The Ultimate Cosmic Time Machines: The Hubble and James Webb Space Telescopes
September 9, 7:00 pm - 8:00 pm
NASA/ESA Hubble Space Telescope image of spiral galaxy NGC 5643 in the constellation of Lupus (the Wolf).NGC 5643 is about 60 million light-years away from Earth.
Since its launch and deployment by the space shuttle Discovery in 1990, the Hubble Space Telescope has revolutionized astronomy with its crystal-clear view of the universe. Scientists have used Hubble to observe some of the most distant stars and galaxies yet seen, as well as the planets in our solar system.
Scheduled for launch on October 31, 2021, the James Webb Space Telescope will be the largest, most powerful, and complex space telescope ever built. It will be the premier space observatory for astronomers worldwide with the power to fundamentally alter our understanding of the universe. The Webb will be an orbiting infrared observatory that will complement and extend the discoveries of the Hubble Space Telescope with longer wavelength coverage and greatly improved sensitivity, which will enable the telescope to look much closer to the beginning of time and to hunt for the unobserved formation of the first galaxies where stars and planetary systems are forming today.
Join Drs. Jonathan Gardner and Jennifer Wiseman from NASA’s Goddard Space Flight Center for an insider’s look at the scientific legacy of Hubble and the future possibilities of the James Webb.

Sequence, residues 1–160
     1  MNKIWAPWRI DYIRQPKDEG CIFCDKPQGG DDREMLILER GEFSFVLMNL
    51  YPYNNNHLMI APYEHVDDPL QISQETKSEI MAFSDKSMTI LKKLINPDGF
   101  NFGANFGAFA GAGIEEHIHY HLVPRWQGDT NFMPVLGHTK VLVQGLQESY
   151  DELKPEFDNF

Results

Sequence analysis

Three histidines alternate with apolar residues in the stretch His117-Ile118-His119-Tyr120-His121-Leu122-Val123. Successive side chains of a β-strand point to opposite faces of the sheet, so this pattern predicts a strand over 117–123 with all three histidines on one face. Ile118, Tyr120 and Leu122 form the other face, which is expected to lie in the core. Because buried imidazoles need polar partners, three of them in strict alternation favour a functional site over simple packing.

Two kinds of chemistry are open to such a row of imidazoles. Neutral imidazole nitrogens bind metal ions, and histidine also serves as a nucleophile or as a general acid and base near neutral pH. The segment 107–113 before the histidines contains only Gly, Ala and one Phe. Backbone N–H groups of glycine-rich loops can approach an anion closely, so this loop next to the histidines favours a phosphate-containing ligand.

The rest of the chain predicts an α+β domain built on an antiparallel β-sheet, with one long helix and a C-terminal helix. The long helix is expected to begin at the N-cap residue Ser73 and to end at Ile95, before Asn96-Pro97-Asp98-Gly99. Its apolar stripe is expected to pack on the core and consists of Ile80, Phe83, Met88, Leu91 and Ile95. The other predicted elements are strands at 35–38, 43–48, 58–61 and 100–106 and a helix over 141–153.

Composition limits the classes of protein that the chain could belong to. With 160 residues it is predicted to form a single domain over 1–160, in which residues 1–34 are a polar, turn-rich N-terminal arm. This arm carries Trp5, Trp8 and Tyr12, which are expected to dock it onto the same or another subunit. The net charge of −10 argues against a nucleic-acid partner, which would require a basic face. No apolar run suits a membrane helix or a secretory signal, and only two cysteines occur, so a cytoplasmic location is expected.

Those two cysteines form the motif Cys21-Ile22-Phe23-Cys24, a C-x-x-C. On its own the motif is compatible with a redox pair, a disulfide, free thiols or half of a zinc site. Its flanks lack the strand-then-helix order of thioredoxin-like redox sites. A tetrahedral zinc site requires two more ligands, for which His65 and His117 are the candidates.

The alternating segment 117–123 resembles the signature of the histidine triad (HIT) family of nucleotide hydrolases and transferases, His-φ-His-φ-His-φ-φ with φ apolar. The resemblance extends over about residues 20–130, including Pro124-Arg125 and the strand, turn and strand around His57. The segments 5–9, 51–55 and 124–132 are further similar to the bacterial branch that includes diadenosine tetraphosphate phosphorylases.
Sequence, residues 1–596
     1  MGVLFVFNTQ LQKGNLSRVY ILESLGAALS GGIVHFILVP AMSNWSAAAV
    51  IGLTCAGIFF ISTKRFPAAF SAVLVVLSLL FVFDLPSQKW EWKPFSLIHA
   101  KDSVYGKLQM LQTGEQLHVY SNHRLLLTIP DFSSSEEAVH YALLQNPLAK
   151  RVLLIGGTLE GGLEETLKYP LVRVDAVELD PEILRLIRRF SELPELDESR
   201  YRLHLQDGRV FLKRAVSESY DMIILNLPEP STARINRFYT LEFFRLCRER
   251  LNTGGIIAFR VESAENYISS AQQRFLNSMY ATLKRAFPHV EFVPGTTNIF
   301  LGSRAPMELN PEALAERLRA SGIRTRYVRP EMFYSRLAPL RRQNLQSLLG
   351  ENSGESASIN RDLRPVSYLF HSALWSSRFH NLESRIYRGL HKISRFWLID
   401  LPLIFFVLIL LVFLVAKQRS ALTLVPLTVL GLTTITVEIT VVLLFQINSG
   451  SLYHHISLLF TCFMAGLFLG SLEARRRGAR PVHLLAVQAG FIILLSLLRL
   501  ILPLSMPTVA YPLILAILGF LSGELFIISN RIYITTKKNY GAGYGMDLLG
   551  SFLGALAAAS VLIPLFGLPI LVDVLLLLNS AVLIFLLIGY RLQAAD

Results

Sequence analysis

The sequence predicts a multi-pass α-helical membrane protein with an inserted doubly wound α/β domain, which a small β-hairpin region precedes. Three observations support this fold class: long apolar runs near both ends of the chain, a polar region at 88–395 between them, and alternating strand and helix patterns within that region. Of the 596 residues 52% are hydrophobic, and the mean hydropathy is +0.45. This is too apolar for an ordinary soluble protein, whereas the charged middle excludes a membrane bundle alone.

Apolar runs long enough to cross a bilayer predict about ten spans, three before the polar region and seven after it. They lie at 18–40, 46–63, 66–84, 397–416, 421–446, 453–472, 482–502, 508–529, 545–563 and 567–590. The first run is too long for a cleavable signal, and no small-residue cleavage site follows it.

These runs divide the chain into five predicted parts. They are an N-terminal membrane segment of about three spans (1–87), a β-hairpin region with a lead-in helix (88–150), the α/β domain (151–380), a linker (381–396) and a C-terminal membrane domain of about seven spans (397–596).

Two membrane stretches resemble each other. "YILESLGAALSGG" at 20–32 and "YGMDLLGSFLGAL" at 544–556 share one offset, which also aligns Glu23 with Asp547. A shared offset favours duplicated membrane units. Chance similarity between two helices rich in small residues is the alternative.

Dr. Jonathan Gardner is the Deputy Senior Project Scientist for the James Webb Space Telescope and also serves as the Chief of the Laboratory for Observational Cosmology in the Astrophysics Science Division of NASA’s Goddard Space Flight Center in Greenbelt, Maryland. He has worked at Goddard since 1996, except for a brief term as a Program Scientist at NASA Headquarters, Washington, D.C. in 2004. He earned a BS in astronomy and astrophysics from Harvard University and a PhD in astronomy from the University of Hawaii.
Dr. Jennifer Wiseman is a senior astrophysicist at NASA’s Goddard Space Flight Center in Greenbelt, Maryland, where she serves as the Senior Project Scientist for the Hubble Space Telescope. Her primary responsibility is to ensure that the Hubble mission is as scientifically productive as possible. Previously, Wiseman headed Goddard’s Laboratory for Exoplanets and Stellar Astrophysics. She started her career at NASA in 2003 as the program scientist for Hubble and several other astrophysics missions at NASA Headquarters. As an undergraduate, Wiseman studied physics at MIT, where she discovered the comet 114P/Wiseman-Skiff. She then earned a PhD in astronomy at Harvard University, and continued her research as a Jansky Fellow at the National Radio Astronomy Observatory and as a Hubble Fellow at The Johns Hopkins University.
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This program is funded by the Ewing Marion Kauffman Foundation. Its content is solely the responsibility of the Linda Hall Library.